• When the aforementioned aid measures are meant to be channelled through financial intermediaries (e.g., banks), the TF stipulates that any indirect advantage to the intermediary must be minimised;[14]
  • For COVID-19 R&D projects that started before 1 February 2020 only “the additional costs in relation to the acceleration efforts or the widened scope shall be eligible for aid”;[15] and
  • When receiving recapitalisation “beneficiaries must not engage in aggressive commercial expansion financed by State aid or…tak[e] excessive risks”, where recapitalisation “should only be considered if no other appropriate solution can be found and [will] be subject to stringent conditions…because such instruments are highly distortive for competition between undertakings”.[16]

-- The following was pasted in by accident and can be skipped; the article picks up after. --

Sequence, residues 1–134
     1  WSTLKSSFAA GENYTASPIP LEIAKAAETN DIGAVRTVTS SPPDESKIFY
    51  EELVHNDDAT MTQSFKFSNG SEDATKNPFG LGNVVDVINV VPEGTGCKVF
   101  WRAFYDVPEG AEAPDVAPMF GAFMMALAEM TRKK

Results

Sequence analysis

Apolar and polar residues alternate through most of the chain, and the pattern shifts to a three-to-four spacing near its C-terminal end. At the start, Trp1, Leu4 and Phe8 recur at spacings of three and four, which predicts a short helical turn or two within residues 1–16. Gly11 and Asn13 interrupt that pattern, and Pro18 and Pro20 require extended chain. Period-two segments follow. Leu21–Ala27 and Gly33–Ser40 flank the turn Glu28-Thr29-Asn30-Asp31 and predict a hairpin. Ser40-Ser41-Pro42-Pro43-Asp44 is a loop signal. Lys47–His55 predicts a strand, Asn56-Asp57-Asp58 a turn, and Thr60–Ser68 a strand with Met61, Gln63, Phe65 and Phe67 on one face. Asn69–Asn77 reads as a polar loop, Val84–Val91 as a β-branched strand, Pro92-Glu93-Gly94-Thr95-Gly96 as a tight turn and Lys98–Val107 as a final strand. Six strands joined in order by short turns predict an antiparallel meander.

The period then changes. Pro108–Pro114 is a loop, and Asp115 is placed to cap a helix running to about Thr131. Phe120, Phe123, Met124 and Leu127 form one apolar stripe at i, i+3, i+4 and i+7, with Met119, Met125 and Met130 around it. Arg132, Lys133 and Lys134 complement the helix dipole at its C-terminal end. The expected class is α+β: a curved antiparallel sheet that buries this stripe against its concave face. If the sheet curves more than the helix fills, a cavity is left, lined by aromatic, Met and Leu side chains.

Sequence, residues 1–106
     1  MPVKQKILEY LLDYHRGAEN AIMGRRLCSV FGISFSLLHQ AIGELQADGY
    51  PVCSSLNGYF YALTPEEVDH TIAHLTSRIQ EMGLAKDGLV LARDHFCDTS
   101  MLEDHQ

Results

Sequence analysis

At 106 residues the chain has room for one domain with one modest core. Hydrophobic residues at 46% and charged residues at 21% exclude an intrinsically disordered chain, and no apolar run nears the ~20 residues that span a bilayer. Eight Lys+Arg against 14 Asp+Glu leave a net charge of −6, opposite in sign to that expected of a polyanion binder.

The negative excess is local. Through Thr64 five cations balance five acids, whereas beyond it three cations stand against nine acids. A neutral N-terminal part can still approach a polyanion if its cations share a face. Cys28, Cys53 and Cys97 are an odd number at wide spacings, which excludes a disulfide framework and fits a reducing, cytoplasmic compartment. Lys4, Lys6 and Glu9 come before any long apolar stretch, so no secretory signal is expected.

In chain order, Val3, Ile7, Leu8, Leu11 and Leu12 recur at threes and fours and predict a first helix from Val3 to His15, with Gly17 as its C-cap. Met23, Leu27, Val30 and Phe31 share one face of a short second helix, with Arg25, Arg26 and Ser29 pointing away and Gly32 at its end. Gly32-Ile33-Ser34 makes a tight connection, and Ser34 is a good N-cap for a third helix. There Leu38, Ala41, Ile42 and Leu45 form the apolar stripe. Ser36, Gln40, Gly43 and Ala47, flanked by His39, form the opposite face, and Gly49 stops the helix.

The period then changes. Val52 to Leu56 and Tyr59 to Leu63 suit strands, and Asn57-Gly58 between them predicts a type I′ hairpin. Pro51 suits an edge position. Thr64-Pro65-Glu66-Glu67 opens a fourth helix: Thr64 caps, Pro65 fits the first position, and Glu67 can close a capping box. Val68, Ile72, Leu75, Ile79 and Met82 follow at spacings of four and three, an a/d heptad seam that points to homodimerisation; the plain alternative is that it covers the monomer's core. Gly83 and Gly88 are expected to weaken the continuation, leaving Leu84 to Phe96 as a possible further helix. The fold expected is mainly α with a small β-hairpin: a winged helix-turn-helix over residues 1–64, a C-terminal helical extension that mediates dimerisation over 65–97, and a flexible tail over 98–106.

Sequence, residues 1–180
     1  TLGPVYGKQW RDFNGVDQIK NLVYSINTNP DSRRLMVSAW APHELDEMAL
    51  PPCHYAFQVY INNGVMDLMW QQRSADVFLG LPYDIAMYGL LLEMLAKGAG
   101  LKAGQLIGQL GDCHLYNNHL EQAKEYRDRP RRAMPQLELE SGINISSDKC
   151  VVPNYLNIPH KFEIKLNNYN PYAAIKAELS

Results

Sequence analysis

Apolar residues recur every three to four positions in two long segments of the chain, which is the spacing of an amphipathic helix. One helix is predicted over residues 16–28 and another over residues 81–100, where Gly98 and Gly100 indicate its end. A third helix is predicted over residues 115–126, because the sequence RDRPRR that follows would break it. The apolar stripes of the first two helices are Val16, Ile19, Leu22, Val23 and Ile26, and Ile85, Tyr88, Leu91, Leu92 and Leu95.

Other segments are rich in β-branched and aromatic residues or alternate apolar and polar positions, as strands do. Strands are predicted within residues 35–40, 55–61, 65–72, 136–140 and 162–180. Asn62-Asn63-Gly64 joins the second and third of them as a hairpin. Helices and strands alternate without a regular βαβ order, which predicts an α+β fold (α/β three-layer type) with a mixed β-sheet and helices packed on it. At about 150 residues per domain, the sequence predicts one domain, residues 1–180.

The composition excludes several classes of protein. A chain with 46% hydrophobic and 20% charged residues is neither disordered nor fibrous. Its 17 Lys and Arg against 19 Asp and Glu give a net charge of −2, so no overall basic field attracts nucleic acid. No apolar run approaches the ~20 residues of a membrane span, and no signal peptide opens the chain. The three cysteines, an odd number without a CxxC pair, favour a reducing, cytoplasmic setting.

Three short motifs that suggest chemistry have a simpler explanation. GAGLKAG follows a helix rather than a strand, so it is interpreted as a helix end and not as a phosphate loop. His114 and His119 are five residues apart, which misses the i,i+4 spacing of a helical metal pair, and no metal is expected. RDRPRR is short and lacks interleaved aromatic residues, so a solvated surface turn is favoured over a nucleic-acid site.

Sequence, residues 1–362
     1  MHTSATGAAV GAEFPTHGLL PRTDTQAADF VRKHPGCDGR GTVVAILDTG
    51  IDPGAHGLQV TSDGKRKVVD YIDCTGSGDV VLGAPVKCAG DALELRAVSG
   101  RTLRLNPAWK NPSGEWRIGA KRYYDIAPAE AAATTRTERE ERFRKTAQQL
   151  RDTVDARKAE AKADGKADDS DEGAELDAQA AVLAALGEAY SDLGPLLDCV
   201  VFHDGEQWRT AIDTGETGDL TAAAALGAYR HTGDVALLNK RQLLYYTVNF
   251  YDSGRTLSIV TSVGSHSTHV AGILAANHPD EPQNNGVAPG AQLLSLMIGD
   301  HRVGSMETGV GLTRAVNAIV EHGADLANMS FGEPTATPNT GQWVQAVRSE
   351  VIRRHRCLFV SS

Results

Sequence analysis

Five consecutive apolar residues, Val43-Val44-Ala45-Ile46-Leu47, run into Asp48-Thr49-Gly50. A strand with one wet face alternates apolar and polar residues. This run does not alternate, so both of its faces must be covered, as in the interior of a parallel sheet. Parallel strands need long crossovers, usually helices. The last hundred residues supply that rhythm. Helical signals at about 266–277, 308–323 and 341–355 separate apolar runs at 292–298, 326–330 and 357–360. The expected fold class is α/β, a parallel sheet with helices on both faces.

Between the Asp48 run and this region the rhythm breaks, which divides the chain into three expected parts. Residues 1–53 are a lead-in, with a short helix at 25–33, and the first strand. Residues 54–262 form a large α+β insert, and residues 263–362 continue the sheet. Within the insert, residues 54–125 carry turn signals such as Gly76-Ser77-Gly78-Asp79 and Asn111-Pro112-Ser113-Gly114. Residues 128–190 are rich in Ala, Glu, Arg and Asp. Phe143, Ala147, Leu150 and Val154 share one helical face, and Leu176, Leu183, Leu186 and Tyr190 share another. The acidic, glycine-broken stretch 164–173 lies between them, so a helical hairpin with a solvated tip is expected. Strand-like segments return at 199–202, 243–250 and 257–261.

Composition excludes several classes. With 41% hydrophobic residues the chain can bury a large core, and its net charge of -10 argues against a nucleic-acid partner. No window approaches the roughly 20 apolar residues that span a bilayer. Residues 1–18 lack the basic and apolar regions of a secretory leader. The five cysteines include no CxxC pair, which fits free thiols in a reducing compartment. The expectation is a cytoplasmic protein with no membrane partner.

When notifying State aid schemes[17] under the TF to the EC, Member States must provide evidence that all the conditions specified under the TF are being respected.[18]



As of 29 May 2020, over 100 State aid schemes have been approved across several Member States by the EC under the TF.[19] Although the EC has via the TF communicated general guidelines on the types of aid measures that it will consider compatible with the internal market, the measures are nevertheless designed by the individual Member States themselves.